Questions linger over RTÉ employment practices
Labour arts, media and workers’ rights spokesperson Marie Sherlock has called on RTÉ to outline why it believes many of its presenters who make use of personal service companies are contractors rather than employees.
Senator Sherlock said:
“The payments scandal surrounding RTÉ’s top paid presenter Ryan Tubridy has blown the lid on a range of unsatisfactory employment practices at the national broadcaster. There are serious questions about how RTÉ treats the vast majority of its workers relative to the very small number who earn very high sums.
“RTÉ commissioned an independent review in 2018, from Eversheds, of the employment status of 433 contractors. The report found that 106 contractors had “attributes akin to employment”. This lead to 81 of those workers being offered full-time contracts with RTÉ, of which 79 were accepted.
“The Department of Employment Affairs and Social Protection then commenced its own investigation in late 2020, following Eversheds findings. The scope of this review was broader, dealing with more than 500 employees.
“The fallout led to RTÉ reaching a €1.22m tax settlement with Revenue in 2021, with the Department of Social Protection instigating an investigation for suspected non-payment of PRSI.
“It is reported that around 80 former RTÉ contractors sought retrospective payments including holidays and other entitlements.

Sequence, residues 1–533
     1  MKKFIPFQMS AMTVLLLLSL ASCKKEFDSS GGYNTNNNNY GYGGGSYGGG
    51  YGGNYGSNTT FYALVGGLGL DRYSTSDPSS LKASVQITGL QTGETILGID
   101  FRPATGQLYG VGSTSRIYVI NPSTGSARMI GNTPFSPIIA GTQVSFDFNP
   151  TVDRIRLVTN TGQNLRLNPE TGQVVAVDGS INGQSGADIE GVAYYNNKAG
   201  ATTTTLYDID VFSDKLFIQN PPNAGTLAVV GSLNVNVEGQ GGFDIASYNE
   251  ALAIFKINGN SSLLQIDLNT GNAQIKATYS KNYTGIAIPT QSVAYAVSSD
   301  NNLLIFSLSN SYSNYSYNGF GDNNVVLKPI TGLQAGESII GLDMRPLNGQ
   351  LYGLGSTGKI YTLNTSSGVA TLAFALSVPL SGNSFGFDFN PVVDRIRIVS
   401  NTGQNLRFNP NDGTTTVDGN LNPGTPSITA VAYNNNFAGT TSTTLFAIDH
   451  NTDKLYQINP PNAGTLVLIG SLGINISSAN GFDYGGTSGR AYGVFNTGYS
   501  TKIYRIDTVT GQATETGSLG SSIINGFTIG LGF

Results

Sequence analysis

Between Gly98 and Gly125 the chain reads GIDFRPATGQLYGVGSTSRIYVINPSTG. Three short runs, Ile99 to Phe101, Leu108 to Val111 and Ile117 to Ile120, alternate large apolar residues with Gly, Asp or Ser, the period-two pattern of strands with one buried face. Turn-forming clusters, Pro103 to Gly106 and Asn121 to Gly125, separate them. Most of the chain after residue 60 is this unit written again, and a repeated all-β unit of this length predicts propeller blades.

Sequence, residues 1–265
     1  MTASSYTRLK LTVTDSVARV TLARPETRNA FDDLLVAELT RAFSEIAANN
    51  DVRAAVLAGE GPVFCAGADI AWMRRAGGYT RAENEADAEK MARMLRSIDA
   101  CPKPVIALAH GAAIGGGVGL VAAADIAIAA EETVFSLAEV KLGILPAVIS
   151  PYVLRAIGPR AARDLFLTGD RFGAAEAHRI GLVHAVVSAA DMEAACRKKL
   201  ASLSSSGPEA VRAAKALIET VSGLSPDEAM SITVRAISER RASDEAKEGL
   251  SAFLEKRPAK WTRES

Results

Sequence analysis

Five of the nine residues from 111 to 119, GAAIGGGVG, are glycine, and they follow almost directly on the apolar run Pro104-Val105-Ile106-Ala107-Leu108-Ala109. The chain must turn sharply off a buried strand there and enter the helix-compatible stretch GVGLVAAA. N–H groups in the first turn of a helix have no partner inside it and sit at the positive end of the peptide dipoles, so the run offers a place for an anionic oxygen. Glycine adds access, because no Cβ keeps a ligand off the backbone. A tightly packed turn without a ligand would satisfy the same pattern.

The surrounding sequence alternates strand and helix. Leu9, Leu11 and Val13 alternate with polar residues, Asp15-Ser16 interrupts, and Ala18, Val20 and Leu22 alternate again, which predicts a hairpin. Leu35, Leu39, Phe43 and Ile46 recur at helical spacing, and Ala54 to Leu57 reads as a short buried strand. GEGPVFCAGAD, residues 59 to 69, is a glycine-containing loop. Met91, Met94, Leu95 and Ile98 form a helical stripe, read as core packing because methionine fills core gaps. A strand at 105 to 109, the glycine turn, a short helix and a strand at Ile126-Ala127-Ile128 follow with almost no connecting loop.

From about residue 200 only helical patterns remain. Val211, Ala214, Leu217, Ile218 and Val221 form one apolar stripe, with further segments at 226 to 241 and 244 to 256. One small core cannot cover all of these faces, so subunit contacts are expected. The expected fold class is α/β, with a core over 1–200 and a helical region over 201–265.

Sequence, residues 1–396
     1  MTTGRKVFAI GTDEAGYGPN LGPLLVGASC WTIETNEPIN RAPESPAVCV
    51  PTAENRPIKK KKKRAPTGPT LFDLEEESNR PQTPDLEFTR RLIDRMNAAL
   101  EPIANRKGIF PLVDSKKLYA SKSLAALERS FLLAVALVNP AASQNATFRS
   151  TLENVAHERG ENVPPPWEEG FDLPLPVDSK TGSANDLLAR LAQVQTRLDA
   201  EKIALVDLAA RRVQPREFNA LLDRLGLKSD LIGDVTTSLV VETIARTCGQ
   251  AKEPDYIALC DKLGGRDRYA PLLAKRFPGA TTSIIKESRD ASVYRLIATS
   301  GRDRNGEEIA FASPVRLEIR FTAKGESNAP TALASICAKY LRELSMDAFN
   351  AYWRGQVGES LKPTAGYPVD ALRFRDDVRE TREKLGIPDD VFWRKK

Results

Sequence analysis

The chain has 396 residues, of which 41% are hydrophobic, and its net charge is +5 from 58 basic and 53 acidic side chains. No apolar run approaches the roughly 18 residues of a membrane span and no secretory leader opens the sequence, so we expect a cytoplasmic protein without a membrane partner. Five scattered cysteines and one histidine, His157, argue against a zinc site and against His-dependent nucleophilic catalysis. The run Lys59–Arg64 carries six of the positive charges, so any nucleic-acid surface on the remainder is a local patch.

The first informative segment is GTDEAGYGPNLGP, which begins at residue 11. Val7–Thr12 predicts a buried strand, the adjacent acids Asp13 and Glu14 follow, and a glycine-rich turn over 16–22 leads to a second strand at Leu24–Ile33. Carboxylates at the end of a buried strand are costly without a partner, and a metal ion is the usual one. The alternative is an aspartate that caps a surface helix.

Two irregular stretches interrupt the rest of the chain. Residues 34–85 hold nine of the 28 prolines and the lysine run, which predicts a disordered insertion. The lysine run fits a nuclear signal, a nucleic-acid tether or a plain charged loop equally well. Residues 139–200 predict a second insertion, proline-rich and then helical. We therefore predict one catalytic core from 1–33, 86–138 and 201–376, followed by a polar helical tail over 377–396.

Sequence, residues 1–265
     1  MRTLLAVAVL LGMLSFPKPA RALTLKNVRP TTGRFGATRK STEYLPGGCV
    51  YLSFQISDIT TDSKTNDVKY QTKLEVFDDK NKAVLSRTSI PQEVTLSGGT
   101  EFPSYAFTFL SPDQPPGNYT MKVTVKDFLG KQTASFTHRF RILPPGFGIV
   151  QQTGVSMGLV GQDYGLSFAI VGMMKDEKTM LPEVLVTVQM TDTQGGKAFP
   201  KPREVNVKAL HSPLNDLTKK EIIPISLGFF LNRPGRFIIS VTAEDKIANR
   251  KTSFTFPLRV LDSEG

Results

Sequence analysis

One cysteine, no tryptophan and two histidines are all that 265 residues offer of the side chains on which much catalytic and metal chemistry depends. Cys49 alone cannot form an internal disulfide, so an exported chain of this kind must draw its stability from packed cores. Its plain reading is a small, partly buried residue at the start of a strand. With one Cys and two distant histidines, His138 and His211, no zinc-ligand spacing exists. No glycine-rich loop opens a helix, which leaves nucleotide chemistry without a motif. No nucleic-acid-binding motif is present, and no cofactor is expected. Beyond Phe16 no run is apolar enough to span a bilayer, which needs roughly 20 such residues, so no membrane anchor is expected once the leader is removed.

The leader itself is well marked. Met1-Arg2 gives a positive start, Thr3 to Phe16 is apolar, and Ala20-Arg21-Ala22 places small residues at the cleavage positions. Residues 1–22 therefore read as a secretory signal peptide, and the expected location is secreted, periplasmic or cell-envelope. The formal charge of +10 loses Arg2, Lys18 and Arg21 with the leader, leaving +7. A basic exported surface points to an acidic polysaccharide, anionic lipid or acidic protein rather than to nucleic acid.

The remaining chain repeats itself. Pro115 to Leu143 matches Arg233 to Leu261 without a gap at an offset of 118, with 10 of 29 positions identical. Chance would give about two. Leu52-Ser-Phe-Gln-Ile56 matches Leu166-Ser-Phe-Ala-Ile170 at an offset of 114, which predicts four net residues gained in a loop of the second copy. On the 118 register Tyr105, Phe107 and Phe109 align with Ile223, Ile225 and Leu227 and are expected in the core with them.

“By last year, RTÉ had committed to reimbursing four years’ retrospective social insurance contributions to misclassified workers. It had also appealed a number of individual decisions.
“Claims regarding employment status have also come before the Workplace Relations Commission (WRC).
“Last year RTÉ was ordered by the WRC to pay €47,000 in damages to two female researchers who worked on the Today Show, following a determination that they were incorrectly classified as independent contract researchers and should have instead been classified as employees under a fixed-term contract of service.
“It is against this backdrop that the Ryan Tubridy contract – and the other ‘talent’ contracts – must now be examined. RTÉ has plenty of history with this issue.
“It is Labour’s belief that the top 10 earners, or ‘talent’, or those who make use of personal service companies, should no longer fall into a separate category other than employees of RTÉ.
“Let’s look at the reality of these people’s employment using Ryan Tubridy as an example.
“Tubridy was required to work under RTÉ’s instructions, including editorial instructions and had no control over programme content or staffing or other resources.
“He was restricted in terms of any other broadcasting, advertising or promotional activities. In his contract it clearly states that the Director General’s decision as editor in chief in relation to the compatibility of any proposed extramural activities with his obligation to RTÉ is final.
“Essentially, in our view the Tubridy personal service company is window-dressing.
“Given RTÉ’s well-known and serious problems with misclassifying its employees as talent, huge questions emerge now about the long-term sustainability of treating ‘talent’ as a separate category of worker. We would ask RTÉ to provide clarity on the matter.”